Wednesday, September 14, 2011

Michael Young - the Next Paul Molitor?

One of the fun pastimes of watching Major League Baseball for a long time is making comparisons of players of this current generation to players that played in the past. While we all know that such comparisons are difficult because the game changes subtly over the years, we still do it. Everyone is always looking for the next Mickey Mantle or the next Pedro Martinez. This writer has found one compelling comparison that actually may be relevant. Michael Young of the Texas Rangers is Paul Molitor. Sort of.

Young received plenty of criticism (especially in this space) for his reaction to the Rangers moving him to the Designated Hitter with the acquisition of Adrian Beltre. Young makes a ton of money and the criticism was fair as far as this writer is concerned. To his credit, Young has quieted down and is having a very good year at the plate. He's batting .335 and closing in on 200 hits and 100 RBIs. His .855 OPS is solid. He's been the steady provider in a Rangers' season that has seen its share of injuries to top performers.

The move of Young out of the field was the right one. Despite his laughable Gold Gove in 2008, Michael Young simply wasn't very good in the field. Elvis Andrus was the right choice at short over him and Adrian Beltre is the right choice at third over him. But the move is a great thing for Michael Young if he would embrace it. It was such a move that ended up making Paul Molitor a Hall of Fame player.

The careers of Young and Molitor are remarkably similar. Molitor's career slash line was: .306/.369/.448. Young's: .303/.349/.451. Molitor started two years younger than Young in the majors so when you compare their WARgraphs over at, Molitor had an edge on the the accumulated WAR by age. But Young's WAR was hampered by his fielding. Compare the two in this WARgraph:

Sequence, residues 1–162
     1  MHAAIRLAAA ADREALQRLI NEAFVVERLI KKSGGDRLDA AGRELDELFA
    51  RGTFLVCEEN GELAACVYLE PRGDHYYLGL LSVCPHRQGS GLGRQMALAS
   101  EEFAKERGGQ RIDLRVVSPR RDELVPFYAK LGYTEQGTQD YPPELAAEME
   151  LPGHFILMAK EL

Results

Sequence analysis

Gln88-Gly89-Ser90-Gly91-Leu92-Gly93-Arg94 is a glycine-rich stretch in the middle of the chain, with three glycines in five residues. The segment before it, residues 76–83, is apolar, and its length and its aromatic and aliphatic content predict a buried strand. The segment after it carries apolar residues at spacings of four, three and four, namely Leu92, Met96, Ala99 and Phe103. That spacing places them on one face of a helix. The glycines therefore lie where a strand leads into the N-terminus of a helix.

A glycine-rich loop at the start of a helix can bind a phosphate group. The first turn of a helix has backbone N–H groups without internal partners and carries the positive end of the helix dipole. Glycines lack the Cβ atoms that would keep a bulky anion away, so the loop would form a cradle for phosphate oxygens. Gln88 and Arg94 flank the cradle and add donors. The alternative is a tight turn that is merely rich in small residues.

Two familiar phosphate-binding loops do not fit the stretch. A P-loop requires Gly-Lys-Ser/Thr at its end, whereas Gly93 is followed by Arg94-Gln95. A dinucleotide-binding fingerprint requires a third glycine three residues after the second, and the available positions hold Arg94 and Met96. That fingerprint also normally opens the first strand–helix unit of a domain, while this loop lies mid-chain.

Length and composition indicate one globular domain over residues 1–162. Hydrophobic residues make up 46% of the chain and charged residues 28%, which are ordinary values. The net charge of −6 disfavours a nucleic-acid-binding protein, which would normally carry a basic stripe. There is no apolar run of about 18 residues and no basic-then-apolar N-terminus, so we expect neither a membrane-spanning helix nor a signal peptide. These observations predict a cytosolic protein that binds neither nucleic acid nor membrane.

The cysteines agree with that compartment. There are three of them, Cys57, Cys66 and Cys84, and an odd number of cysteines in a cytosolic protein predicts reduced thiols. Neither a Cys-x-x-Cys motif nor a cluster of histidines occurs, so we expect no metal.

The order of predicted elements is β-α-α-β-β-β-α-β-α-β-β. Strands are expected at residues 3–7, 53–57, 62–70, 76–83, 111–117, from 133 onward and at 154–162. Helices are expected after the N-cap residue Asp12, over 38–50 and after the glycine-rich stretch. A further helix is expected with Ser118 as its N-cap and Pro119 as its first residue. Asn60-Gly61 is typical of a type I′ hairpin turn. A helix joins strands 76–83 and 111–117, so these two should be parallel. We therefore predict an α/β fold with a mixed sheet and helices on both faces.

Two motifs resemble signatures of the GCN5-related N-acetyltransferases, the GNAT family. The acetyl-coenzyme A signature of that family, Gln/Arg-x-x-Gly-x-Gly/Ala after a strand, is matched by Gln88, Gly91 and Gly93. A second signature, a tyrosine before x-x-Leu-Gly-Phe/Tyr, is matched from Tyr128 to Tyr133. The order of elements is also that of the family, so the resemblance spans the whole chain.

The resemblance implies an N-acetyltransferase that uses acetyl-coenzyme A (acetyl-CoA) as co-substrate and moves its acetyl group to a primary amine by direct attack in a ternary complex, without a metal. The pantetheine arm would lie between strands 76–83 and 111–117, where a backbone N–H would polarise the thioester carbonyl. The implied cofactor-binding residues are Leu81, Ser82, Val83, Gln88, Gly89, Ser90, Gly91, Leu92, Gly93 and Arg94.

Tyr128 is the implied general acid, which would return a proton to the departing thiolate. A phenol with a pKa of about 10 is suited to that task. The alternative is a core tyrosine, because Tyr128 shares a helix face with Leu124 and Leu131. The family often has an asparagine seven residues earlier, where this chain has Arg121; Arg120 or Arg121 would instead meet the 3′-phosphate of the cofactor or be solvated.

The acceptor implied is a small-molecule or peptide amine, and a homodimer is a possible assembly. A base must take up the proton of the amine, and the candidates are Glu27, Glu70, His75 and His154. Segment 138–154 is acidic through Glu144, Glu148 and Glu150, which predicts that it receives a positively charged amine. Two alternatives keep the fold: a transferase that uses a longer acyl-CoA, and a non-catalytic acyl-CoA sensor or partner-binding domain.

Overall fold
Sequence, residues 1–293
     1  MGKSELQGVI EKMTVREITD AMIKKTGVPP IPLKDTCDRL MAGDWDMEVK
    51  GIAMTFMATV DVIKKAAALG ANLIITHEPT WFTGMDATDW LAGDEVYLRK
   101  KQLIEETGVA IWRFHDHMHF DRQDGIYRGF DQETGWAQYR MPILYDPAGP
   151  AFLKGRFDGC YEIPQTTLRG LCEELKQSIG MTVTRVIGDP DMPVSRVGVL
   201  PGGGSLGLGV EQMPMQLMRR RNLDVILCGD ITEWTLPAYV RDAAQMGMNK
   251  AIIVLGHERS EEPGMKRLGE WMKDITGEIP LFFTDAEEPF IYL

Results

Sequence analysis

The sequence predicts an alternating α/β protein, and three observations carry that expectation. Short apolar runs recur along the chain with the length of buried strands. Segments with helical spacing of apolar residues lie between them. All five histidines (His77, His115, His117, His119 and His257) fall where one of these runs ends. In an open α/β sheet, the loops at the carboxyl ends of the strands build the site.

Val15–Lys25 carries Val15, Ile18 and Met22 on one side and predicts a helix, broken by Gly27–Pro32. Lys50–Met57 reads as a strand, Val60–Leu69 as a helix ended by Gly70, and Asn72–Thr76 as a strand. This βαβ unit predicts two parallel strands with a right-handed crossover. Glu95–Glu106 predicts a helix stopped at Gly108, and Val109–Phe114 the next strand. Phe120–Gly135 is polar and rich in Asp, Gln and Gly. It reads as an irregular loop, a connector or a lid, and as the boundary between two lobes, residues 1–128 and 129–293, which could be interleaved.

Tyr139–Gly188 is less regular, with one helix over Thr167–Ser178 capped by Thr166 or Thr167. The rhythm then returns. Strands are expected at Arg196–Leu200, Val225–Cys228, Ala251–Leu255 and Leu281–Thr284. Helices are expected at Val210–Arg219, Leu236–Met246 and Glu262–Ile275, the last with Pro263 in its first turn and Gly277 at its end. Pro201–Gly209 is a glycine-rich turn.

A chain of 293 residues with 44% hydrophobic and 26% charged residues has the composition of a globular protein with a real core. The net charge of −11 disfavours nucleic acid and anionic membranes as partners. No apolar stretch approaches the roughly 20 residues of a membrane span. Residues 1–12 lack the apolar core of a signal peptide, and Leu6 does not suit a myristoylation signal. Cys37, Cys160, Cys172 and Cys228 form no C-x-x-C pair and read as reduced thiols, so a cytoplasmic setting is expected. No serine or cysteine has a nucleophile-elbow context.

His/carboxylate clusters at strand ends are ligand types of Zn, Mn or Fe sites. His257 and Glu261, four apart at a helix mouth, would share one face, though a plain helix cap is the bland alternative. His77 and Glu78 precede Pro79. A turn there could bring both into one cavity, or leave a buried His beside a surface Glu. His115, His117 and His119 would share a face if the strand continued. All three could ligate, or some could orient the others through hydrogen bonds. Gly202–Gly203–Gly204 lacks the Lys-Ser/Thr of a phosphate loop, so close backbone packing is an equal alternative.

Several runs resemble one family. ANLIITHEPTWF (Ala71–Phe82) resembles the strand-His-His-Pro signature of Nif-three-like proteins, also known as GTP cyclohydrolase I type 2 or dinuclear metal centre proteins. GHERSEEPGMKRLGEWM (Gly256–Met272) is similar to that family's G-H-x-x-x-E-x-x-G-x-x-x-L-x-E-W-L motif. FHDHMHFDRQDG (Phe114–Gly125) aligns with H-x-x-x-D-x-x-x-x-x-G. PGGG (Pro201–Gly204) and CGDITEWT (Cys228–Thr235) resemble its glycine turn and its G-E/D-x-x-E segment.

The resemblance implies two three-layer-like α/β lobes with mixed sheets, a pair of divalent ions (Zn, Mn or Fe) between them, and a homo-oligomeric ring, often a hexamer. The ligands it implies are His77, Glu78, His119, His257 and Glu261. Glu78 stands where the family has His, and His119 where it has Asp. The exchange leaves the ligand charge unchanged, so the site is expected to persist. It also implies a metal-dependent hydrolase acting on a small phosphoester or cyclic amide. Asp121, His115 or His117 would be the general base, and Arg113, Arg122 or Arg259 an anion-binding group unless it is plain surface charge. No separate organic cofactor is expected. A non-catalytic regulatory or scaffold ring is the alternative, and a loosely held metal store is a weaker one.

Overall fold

But now that Young is a DH, and if he continues to get considerable at bats in the coming years, his chart should continue to build like Molitor's.

Let's compare the two players at Young's current age of 34. At 34, Molitor had accumulated 2086 hits on his way to over 3300. Michael Young has 2041 hits. Molitor had 369 doubles. Young has 385. Molitor had 3,057 total bases. Michael Young has 3,037.

In all fairness, these stats have been somewhat cherry picked. Molitor was much more patient at the plate and had almost two hundred more walks at 34 than what Young has. Young has slightly more homers but almost two-hundred less runs scored at the same age as Molitor at 34. But Young has almost 200 more RBI. Molitor with an earlier start and a better OBP also had a much higher oWAR at 34 than Young. 

But the overall point is valid (this writer thinks). Molitor went on to compile enough counting stats to buy his ticket to Cooperstown. If Michael Young can maintain his current pace for the next few years like Molitor did at a position that asks him only to hit, perhaps the same may happen for him.


Left Field said...

Excellent analogy. Before this year, I though Young's HOF chances were dead, but he's rebounded quite nicely at 34. If he can keep producing, he certainly has a shot.

I still like Molitor better, though.

Bryan said...

I think the graph argues strongly *against* your argument. By age 34, Molitor had already accumulated twice the value Young has. And Young gets all those points for playing shortstop for years (and gives some back for never playing it well). Young's a good player, but if Larry Walker is kept out of the Hall based primarily on the Coors effect, but Young gets in based on what he did in Arlington, something went wrong. Young's more Tim Wallach than Paul Molitor.

William J. Tasker said...

Good comments and points, Bryan. Thanks. Thanks, Charles.